PLAYING IN BARS
I have played music in bars. All kinds of bars. In California. And Oregon. And Washington. And Colorado. Nice bars. Clean bars. Terrible bars. Dirty bars. Fun bars. Not fun bars. I would always prefer the nice, clean and fun, but sometimes things happen.
Perhaps at first thought “bar band” connotes a rock and roll cover band. But I’ve played country, rock, bluegrass and blues in bars, and I know folks who play Celtic or Irish music in bars. I know people who play jazz in bars. I do not know any classical musicians who play classical music in bars.
Live music and bars go hand in hand. People go to bars to relax and drink. Relaxing to live music is a good thing. Dancing to live music is a good thing. So bar owners hire live musicians. The rules of the road vary wildly, since bars vary wildly. Urban centers often have trendy bars, the type where the bill for those two martinis requires a second mortgage on the old homestead. Small towns and neighborhoods have smaller, more traditional watering holes. Micro-breweries have added a new element for bar gigs, too.
Playing music in bars is different than other venues. You will encounter people who have consumed more alcohol than their bodies and brains wanted them to consume. They could range from friendly folks who just talk a little too loud, love you a little too much or are upset because you don’t travel deep in the Allman Brothers repertoire. They may want to sit in, play your Les Paul and leave little saliva things on your microphone. Tact and discretion go a long way in these situations, and most musicians aren’t known for tact and discretion. But music is supposed to be fun, so if you find yourself not having fun, then decisions need to be made. No one is forcing you to play bars, and many musicians do not. You can join that club.
Bar gigs are often long gigs, too. A few nights ago I played bar/roadhouse with a country band on a weeknight from 7:30pm until 12:30am, and those 5 hour gigs are not uncommon in country music. Trying to keep the set list fresh can be a challenge, as can be trying to motivate yourself at 12:15am while those last two rather inebriated couples stumble dance.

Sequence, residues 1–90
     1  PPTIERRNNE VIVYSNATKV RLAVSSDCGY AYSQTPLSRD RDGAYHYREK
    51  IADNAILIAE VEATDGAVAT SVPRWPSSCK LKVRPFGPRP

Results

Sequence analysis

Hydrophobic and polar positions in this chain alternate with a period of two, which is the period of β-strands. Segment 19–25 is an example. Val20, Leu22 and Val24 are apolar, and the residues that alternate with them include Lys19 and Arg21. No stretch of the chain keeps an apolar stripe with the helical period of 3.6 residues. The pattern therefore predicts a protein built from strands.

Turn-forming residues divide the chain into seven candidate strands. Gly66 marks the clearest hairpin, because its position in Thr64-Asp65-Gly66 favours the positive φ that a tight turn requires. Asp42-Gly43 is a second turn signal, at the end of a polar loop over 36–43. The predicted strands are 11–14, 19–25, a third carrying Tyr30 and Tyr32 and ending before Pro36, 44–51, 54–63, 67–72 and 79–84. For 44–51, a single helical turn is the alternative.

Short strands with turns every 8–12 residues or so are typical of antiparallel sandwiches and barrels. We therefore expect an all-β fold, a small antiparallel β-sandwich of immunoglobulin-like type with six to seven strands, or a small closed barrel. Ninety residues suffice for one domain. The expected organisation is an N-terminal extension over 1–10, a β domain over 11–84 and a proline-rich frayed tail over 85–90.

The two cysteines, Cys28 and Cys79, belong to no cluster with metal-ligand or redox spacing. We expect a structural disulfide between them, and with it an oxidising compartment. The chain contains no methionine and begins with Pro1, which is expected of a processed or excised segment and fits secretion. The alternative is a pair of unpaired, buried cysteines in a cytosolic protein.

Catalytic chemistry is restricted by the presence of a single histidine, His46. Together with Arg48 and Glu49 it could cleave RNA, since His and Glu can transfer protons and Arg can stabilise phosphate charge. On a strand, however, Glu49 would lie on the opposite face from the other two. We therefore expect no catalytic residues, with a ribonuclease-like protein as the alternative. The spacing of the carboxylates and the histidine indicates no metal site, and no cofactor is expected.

Which brings up a good point. The dynamic for a band gig in bar is hugely different from the dynamic of a solo gig in a bar. To play solo in bars, one must have a lot of self-confidence, a wide repertoire and possibly a small caliber pistol. As in any gig, it’s easier to find the energy/dynamics etc. in a group, or at least it is for most musicians. You can decide whether the money is best un-split, but for many folks dividing the cash in order to have some other musicians on board is well worth it.
Most bars book directly, though I have been booked by agents for a few bar jobs. But generally you’re dealing with someone who is also buying and serving alcohol, juggling service schedules, purchasing food, etc. Live music very well may be less than that individual’s main duty. Are you familiar with the place? I’ve played bluegrass in a bar that was expecting blues. Worked out okay, but there were a few tense moments, and a few folks that left looking confused. You need to have enough info to book intelligently. A nine piece band with four horns will not fit on a tiny stage in the corner of a tiny bar. You will have eight players upset with you on this one…
Let’s chat load in and load out. We can focus on the fun stuff on stage, but the reality is that most likely you’re schlepping a sound system, mike stands, guitars, etc. into the bar. Can you park legally and do so? Those $200 parking tickets kill the profit margin. Does the bar have a place to store your cases and bags that is secure? What’s the deal at load out? Most bars will have whatever staff is on board racing to stack the chairs and mop the floor, count the money and go home. You need to make sure you’re not in their way, but that you have ample time to tear down and load your gear.
What are you getting paid? Cash or check? Who is paying you if the manager goes home early? If it’s a check, is it made out correctly? We once had to take in a CD to the bank to prove that our band name was tied to one member’s bank account. Are you being comped food or drink? Did you run up a tab that exceeds your pay? Done that more than once…Were you served by a waitress? If so, tip her. She’s not there for fun, she’s making a living and even if what she served you was comped, it took her just as much time and effort as it did with the paying customers. Check the culture too… almost all bars let you put out a tip jar and sell CDs, but it’s best to ask if you are uncertain.
The goal is to leave for home having had fun, and entertaining the customers. It’s extra nice to go home with a few CD sales and a good jar full of tips, too.
When you’re out catching live music, tip generously. Tell your friends and family when you discover a new club or an artist you think they may like. Look both ways before you cross the street.
Dennis Roger Reed is a singer-songwriter, musician and writer based in San Clemente, CA. He’s released two solo CDs, and appeared on two CDs with the newgrassy Andy Rau Band and two CDs with the roots rockers Blue Mama. His prose has appeared in a variety of publications such as the OC Weekly and MOJO magazine. Writing about his music has appeared in an eclectic group of publications such as Bass Player, Acoustic Musician, Dirty Linen, Blue Suede News and Sing Out! His oddest folk resume entry would be the period of several months in 2002 when he danced onstage as part of both Little Richard’s and Paul Simon’s revues. He was actually asked to do the former and condoned by the latter. He apparently knows no shame.